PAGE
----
(Wylie: shes bzhin min pa;
THL: sheshyin minpa)
Asaṃprajanya (Sanskrit; Tibetan phonetic: sheshyin minpa) is a Buddhist term that is translated as "inattentiveness", "non-alertness", etc. In the Mahayana tradition, asaṃprajanya is defined the distracted discrimination accompanying a disturbing emotion.
Asaṃprajanya is identified as:
- One of the twenty secondary unwholesome factors within the Mahayana Abhidharma teachings
- The opposite of samprajanya (alertness, attentiveness, vigilance)
Mipham Rinpoche states:
- Non-alertness [inattention] is the distracted discrimination accompanying a disturbing emotion. It results in a hasty and mindless engagement in the actions of the three doors without alertness, and so forms the support for downfalls to occur.
The Abhidharma-samuccaya states:
- What is inattentiveness? It is it discriminating awareness which is simultaneous with and on the same level as the emotions and thereby is made inattentive regarding actions by body, speech, and mind. It has the function of providing a basis for falling from one's level of being.
Alexander Berzin explains:
- Being unalert (shes-bzhin ma-yin-pa) is a disturbing, deluded discriminating awareness associated with longing desire (raga), hostility (dvesha), or naivety (moha), that causes us to enter into improper physical, verbal, or mental activity without knowing correctly what is proper or improper. Thus, we do not take steps to correct or prevent our improper behavior.
The significance of this mental factor is noted in the following verse from the Bodhicaryavatara (Chapter V, verse 26):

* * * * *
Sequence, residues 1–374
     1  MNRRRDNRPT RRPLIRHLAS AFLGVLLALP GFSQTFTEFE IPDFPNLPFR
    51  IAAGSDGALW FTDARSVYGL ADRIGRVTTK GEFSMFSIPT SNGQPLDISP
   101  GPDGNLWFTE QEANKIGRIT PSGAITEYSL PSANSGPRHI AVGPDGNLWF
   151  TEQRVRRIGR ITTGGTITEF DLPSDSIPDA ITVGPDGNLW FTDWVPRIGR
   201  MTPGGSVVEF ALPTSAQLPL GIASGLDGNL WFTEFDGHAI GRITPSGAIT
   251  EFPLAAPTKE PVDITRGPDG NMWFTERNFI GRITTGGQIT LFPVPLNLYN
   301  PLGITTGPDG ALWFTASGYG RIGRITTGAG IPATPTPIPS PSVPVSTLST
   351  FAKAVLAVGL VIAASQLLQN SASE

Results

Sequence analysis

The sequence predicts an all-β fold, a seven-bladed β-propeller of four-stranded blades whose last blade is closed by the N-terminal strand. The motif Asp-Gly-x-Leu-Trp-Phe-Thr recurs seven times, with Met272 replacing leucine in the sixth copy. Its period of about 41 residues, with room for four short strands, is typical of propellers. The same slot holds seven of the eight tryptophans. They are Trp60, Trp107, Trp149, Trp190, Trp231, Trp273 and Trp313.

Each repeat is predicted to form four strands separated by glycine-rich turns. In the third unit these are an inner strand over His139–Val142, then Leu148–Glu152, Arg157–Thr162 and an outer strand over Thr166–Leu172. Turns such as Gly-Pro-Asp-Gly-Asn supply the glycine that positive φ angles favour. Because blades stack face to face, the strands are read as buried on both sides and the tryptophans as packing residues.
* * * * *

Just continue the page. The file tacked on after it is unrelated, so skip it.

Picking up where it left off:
A person who is learned and has trust
But does not apply himself diligently
Will be sullied by falling from his status
Because the defect of not being watchful has clung to him.
- Guenther (1975), Kindle Locations 982-983.
- Kunsang (2004), p. 28.
- Berzin (2006)
- Berzin, Alexander (2006), Mind and Mental Factors: The Fifty-one Types of Subsidiary Awareness
- Guenther, Herbert V. & Leslie S. Kawamura (1975), Mind in Buddhist Psychology: A Translation of Ye-shes rgyal-mtshan's "The Necklace of Clear Understanding" Dharma Publishing. Kindle Edition.
- Kunsang, Erik Pema (translator) (2004). Gateway to Knowledge, Vol. 1. North Atlantic Books.
- Nina van Gorkom (2010), Cetasikas, Zolag
- Mind and Mental Factors: The Fifty-one Types of Subsidiary Awareness
- Ranjung Yeshe wiki entry for shes bzhin min pa
|This article includes content from Asaṃprajanya on Wikipedia (view authors). License under CC BY-SA 3.0.|